Perhaps that's why Garoppolo was kept. The locker room certainly wouldn't have been the same without that presence from the last few years; that was seen after San Francisco's Week 8 win against the Chicago Bears.

But, if Garoppolo was such a locker room presence, why not make the moves quietly, like they did when trading up to No. 3 overall pick, rather than put all thoughts into the public sphere? To me, this season has been a spiral from the offseason, where the 49ers tried saving themselves with a multitude of one-year deals to make a last push for a playoff spot to be an attractive free-agent destination in 2022, when the rookie Trey Lance would presumably take over as the starter. However, as Shanahan failed to gauge the seriousness during the Stafford trade talks, he yet again failed to realize the impact that all the talk around Garoppolo would have on the locker room and this football team as a whole.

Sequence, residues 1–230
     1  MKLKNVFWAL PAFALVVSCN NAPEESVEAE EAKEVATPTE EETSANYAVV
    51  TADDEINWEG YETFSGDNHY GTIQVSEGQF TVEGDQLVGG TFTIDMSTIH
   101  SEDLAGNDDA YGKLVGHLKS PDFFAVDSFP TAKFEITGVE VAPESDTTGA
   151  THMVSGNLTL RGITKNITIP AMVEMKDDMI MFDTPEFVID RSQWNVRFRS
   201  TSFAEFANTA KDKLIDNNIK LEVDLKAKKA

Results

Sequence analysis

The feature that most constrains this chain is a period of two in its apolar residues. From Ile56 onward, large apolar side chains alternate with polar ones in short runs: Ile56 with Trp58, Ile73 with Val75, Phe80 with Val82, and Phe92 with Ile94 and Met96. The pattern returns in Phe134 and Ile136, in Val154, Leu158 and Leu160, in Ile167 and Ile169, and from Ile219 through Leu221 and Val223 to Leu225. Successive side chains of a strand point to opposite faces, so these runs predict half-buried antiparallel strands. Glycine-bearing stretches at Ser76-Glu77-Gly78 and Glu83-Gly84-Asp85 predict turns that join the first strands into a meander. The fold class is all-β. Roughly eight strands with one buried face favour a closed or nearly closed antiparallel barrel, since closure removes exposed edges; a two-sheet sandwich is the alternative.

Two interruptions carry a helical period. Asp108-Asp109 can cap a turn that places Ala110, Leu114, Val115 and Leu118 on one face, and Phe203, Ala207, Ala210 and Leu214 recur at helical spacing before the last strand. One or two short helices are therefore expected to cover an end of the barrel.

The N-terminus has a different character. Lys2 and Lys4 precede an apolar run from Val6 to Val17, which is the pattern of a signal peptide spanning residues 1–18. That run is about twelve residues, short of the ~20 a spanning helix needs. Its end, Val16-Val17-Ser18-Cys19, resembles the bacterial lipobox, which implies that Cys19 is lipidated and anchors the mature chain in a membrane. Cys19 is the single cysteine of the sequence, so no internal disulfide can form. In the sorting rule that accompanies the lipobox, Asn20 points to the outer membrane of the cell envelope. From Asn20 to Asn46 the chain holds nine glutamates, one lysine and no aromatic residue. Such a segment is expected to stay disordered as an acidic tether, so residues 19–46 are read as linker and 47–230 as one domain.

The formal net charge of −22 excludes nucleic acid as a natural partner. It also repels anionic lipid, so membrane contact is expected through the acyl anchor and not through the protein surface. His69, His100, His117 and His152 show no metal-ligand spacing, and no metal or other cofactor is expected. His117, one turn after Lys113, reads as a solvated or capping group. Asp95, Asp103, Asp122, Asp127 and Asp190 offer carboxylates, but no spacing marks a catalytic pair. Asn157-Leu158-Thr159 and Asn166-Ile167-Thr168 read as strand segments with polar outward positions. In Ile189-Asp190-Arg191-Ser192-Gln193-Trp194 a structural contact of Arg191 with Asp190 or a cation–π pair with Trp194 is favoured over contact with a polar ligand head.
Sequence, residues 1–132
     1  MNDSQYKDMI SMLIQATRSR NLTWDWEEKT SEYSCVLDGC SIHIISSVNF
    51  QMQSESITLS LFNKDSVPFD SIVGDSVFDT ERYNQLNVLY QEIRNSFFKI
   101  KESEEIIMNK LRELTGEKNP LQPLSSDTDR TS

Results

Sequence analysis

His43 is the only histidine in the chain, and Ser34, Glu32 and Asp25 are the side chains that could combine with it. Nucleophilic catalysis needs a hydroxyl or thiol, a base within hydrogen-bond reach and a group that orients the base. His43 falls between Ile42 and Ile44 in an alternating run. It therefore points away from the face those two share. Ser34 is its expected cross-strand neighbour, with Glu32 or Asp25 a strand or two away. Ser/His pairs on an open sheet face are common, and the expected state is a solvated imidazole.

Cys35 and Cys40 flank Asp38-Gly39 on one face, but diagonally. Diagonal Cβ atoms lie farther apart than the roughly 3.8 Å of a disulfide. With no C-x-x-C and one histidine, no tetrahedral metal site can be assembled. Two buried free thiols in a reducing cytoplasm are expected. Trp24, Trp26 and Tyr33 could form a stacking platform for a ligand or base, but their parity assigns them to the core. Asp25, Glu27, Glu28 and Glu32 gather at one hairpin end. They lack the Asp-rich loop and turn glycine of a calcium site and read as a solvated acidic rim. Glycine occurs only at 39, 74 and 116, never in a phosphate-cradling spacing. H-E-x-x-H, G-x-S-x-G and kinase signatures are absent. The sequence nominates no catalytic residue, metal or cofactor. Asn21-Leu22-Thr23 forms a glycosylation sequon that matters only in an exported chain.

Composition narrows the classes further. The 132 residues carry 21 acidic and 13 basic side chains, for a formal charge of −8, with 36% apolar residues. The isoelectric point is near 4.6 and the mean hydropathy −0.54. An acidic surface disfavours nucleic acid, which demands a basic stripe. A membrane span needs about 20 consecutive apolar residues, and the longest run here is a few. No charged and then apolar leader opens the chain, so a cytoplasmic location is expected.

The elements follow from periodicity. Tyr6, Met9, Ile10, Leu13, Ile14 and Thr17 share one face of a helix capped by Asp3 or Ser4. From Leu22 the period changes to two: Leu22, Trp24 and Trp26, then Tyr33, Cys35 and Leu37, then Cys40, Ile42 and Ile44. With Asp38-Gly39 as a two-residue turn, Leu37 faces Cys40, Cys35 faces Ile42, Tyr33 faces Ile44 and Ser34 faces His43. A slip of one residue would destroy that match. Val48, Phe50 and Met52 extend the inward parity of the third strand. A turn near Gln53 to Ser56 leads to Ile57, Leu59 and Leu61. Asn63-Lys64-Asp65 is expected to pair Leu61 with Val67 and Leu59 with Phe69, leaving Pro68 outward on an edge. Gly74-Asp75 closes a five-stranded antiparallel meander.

And that's where the 49ers first failed. Rather than becoming an attractive destination, San Francisco had turned into a toxic culture of indecisiveness before 2022 even began. It seems like every move the 49ers have planned has tried to put one foot in the basket for 2022, but keeping that other foot in 2021, trying to fight a tough battle in two worlds where they were in over their heads.

The Draft

Looking at their draft picks in 2021, San Francisco selected Trey Lance, Aaron Banks, Trey Sermon, Ambry Thomas, Deommodore Lenoir, Jaylon Moore, Talanoa Hufanga, and Elijah Mitchell.